Genome-wide association studies of late-onset cardiovascular disease.
Summary, in English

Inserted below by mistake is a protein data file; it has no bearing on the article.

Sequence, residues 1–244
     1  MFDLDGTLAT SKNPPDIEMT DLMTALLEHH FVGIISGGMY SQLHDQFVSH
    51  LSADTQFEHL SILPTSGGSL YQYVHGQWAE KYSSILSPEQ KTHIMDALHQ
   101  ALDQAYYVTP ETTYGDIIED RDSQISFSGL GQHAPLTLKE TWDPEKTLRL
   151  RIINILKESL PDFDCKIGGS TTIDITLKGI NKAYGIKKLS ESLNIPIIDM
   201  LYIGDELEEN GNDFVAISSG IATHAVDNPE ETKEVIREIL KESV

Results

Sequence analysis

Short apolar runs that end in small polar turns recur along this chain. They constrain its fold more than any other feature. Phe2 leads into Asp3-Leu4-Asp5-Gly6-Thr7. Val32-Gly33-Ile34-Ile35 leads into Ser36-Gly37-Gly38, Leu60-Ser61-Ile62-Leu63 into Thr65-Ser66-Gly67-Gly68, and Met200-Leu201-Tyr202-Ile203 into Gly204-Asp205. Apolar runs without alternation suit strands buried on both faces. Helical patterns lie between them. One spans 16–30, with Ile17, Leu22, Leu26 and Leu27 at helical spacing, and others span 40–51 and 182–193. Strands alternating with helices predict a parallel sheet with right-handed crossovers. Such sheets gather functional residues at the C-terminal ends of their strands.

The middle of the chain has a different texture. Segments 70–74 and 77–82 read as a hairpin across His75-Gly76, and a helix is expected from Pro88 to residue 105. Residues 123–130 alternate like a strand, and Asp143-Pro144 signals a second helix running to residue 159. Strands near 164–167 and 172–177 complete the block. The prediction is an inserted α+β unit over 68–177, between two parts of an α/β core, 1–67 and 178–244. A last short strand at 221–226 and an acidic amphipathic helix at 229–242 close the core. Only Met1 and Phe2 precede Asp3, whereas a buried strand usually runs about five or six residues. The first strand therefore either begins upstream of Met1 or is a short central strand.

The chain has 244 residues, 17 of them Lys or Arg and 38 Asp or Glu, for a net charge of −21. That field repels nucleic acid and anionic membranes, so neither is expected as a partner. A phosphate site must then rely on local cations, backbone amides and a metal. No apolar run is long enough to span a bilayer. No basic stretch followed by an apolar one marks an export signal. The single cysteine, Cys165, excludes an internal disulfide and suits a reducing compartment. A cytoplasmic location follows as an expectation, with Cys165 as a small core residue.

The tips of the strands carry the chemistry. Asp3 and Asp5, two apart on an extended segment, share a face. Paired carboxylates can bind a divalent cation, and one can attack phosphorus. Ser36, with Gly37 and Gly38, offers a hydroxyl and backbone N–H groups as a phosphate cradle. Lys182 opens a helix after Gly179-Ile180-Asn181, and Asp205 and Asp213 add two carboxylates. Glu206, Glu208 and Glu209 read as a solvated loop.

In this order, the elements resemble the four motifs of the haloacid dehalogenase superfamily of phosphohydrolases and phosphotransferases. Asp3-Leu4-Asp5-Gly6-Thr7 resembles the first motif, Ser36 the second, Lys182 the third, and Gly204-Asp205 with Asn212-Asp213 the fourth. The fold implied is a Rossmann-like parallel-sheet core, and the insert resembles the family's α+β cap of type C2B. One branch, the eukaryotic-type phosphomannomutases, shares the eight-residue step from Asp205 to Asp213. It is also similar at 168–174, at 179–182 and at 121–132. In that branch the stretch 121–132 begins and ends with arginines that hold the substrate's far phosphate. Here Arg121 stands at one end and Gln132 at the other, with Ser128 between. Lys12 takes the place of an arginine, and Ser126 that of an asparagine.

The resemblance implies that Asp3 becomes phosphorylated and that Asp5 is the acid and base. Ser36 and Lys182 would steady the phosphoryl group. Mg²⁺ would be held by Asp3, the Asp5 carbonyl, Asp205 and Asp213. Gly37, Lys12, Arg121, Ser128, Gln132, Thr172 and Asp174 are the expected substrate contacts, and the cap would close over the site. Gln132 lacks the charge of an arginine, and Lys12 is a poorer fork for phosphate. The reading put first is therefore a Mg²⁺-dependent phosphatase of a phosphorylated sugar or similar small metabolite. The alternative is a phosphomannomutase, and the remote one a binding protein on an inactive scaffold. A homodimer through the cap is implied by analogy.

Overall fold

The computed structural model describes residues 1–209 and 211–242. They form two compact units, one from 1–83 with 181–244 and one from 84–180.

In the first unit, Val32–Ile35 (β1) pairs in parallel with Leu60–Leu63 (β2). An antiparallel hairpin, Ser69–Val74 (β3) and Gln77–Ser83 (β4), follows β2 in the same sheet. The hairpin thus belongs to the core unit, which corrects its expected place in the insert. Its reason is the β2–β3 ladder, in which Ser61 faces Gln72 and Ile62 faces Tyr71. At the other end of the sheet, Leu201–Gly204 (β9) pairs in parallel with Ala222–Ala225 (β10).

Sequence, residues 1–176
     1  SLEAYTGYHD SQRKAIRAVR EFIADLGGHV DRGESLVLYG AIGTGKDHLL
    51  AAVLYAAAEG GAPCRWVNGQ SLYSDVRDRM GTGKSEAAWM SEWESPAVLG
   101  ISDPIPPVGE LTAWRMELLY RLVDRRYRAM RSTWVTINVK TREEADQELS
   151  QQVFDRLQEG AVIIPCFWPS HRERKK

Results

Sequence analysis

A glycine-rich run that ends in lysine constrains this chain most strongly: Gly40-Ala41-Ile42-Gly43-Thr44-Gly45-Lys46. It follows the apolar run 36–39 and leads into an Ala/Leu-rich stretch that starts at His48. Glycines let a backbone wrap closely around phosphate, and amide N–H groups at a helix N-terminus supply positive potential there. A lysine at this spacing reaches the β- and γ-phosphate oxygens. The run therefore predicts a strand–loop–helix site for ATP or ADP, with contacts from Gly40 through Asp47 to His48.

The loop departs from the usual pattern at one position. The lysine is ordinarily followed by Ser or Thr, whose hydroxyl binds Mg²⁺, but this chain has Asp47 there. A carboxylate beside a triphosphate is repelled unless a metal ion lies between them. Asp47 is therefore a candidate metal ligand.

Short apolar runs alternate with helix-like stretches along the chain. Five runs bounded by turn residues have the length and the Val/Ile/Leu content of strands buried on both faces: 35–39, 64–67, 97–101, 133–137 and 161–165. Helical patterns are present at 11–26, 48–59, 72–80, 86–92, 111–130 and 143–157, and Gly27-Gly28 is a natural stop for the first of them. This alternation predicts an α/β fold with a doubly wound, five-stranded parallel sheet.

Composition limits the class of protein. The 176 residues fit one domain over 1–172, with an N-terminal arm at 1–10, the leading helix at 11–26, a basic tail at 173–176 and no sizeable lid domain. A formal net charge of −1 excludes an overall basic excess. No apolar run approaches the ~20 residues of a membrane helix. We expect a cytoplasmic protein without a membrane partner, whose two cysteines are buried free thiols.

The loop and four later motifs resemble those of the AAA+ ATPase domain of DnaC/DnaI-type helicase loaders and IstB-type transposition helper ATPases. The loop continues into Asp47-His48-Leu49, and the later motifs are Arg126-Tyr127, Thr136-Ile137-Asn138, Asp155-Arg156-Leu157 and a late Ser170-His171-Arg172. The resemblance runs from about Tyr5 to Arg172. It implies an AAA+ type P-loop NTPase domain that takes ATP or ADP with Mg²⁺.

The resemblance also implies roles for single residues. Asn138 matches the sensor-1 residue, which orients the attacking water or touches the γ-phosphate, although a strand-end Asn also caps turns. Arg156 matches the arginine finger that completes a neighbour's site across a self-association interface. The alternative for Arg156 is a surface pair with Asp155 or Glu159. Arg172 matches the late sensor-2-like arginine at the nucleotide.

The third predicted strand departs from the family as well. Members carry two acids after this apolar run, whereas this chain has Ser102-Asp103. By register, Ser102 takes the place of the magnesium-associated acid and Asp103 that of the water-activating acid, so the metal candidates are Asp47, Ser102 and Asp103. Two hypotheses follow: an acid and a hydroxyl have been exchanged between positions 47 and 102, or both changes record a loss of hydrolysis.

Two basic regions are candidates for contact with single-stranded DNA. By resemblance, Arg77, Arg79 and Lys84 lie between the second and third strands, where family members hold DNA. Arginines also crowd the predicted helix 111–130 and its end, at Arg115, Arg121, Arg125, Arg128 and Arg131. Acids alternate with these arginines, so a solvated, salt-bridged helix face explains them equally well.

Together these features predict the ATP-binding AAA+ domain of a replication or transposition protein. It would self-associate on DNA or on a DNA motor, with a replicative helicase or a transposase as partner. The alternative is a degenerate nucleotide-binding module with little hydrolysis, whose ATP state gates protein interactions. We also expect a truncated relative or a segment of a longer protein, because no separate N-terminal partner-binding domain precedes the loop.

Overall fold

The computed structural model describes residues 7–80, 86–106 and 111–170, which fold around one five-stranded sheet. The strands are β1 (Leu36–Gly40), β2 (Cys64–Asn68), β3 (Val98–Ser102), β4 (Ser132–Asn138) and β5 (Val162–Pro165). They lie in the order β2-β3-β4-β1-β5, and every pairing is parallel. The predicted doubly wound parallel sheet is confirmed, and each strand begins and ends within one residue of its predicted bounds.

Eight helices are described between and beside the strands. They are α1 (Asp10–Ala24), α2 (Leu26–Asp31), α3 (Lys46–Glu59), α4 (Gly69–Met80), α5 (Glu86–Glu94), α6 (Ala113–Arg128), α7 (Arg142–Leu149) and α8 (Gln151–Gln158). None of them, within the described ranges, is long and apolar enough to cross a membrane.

Human genetics is a powerful tool for discovering causal mediators of human disease and physiology. Cardiovascular diseases with late onset in the lifecourse have historically not been considered genetic diseases, but in recent years the contribution of a heritable factor has been established. More importantly, over the last decade genome-wide association studies (GWASs) have identified many loci associated with late-onset cardiovascular diseases including coronary artery disease, carotid artery disease, ischemic stroke, aortic aneurysm, peripheral vascular disease, atrial fibrillation, valvular disease and correlates of vascular and myocardial function. Here we review findings from GWASs considered statistically robust with regard to multiple testing (p<5×10(-8)) for late-onset cardiovascular diseases and traits. Although for only a handful of the 92 genetic loci described here have the mechanisms underlying disease association been established, new and previously unsuspected pathways have been implicated for several conditions. Examples include a role for NO signaling in myocardial repolarization and sudden cardiac death and a role for the protein sortilin in lipid metabolism and coronary artery disease. Genetic loci with multiple trait associations have also provided novel biological insights. For example, of the 46 genetic loci associated with coronary artery disease, only 16 are also associated with conventional risk factors for cardiovascular disease whereas the remaining two thirds may reflect novel pathways. Much work remains to functionally characterize genetic loci and for clinical utility, but accruing insights into the biological basis of cardiovascular aging in human populations promise to point to novel therapeutic and preventive strategies. This article is part of a Special Issue entitled 'SI:CV Aging'.